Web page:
Tax expert: What GOP tax reform could mean for Iowans


The House GOP tax reform bill now has a path to a floor vote after passing through the Ways and Means Committee Thursday, and the legislation could have implications on Iowan taxpayers, one tax expert said.

According to state data, the median household income in Iowa is close to $55,000 annually. Under the current seven tax bracket system, that income level is taxed at a rate of 15 percent. The plan set forth by House Republicans—which breaks down the brackets from seven to four at rates of 12%, 25%, 35% and 39.6% —would change that.

“Their tax liability will probably go down a bit because now [their rate] drops down to 12%," said Dr. Stephen Gara, director of the School of Accounting at Drake University in Des Moines. "Additionally the increased standard deduction, the amount of income being taxed would be a little less,” he added.

Critics of the bill says it's a tax break for the wealthy and doesn't go far enough in giving tax relief to middle class families. Gara said there is some truth to those claims.

“While overall it’s a tax decrease for the vast majority of taxpayers, the bigger impact will be for those in the higher income stream, primarily because those individuals are currently paying a lot ," Gara said. "So in a way any cut, therefore, is going to affect them in a greater degree."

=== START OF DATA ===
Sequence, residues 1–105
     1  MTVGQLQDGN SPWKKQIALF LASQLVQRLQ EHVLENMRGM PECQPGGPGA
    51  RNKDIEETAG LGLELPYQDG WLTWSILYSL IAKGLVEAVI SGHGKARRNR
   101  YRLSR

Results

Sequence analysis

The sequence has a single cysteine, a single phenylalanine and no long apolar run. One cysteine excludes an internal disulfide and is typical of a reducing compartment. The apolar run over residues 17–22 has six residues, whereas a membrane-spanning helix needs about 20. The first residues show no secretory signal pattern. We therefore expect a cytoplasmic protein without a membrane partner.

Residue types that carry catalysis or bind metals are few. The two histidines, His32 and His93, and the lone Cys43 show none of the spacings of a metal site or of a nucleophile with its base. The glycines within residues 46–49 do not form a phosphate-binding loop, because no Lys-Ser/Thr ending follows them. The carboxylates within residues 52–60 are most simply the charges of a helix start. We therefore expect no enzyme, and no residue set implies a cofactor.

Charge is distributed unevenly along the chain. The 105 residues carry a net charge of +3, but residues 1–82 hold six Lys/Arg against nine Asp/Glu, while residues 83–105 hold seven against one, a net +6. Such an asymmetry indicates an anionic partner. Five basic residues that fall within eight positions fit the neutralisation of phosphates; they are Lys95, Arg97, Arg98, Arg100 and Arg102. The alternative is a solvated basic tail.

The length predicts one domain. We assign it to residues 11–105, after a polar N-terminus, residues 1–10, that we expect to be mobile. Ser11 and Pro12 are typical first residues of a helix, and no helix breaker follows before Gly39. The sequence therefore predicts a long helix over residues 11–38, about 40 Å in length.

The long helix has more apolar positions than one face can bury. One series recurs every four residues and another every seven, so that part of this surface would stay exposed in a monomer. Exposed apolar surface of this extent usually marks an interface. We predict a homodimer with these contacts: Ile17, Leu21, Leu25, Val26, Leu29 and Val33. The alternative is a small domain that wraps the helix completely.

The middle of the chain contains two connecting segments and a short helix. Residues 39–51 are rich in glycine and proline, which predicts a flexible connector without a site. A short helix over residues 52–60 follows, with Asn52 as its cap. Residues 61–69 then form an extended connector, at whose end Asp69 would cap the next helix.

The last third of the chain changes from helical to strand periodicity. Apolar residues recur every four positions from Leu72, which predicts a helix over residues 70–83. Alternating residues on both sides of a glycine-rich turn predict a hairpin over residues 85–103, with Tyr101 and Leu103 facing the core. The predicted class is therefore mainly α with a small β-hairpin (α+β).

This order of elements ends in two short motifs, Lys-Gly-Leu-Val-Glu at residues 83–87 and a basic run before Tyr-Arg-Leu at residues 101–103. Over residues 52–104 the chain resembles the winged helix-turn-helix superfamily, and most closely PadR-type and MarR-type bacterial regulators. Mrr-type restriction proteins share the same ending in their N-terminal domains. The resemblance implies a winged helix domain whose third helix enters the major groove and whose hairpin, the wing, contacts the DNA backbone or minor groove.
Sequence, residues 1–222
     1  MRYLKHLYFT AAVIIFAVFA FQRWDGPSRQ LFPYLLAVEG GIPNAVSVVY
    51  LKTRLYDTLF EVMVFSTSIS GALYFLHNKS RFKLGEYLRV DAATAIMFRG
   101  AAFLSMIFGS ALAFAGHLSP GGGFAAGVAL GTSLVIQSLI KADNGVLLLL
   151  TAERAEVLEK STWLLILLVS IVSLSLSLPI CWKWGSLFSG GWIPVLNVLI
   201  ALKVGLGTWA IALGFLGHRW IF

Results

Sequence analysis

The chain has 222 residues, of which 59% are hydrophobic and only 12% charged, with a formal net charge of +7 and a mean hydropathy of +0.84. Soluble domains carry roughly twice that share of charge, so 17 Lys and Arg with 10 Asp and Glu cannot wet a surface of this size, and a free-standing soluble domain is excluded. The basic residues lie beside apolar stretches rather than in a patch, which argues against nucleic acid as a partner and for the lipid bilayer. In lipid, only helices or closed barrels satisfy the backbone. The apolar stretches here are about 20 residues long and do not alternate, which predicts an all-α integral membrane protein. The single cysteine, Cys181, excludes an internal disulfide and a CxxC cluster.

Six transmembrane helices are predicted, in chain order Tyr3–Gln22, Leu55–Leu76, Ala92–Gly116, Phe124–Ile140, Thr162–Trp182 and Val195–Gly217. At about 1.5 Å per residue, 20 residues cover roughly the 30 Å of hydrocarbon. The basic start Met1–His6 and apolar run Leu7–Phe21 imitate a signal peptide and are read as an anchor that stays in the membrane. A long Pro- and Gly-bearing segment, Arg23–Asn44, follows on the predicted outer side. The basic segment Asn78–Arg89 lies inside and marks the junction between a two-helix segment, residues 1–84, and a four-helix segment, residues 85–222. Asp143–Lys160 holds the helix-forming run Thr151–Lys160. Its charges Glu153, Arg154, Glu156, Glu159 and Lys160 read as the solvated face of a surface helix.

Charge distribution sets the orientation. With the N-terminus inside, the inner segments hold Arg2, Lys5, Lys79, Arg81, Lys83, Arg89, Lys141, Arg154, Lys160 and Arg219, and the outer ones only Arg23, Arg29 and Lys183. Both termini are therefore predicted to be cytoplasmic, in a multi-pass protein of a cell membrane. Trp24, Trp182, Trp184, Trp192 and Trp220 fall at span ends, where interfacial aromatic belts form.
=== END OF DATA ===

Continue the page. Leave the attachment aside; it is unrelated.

There are also key child tax credit changes, Gara said.

“The proposal eliminates personal and dependency exemptions and replaces them with an extended child tax credit."

But that extended child tax credit is catered to families with children under 17, not families with, say, college-aged children who are still dependents.

“The trade off is what you’re giving up in the exemption, you’re not getting back fully in terms of the credit," Gara said.

The proposal also plans to eliminate the state and local tax deduction, a move that could spark the state to reconsider how it works its state income taxes.

“Eliminating the deduction for state taxes could also make the burden of paying your state taxes a little higher because you can’t offset them," Gara said. "So that could put more pressure on Iowa to come up with ways to reduce the tax burden at the state level.”

It's important to note, however, that any legislation that would make its way to President Trump's desk will probably look a lot different than the plan now, Gara said.

“There will still be a lot of give and take and compromise going back and forth. Don’t fixate on what’s there now because it will change.”

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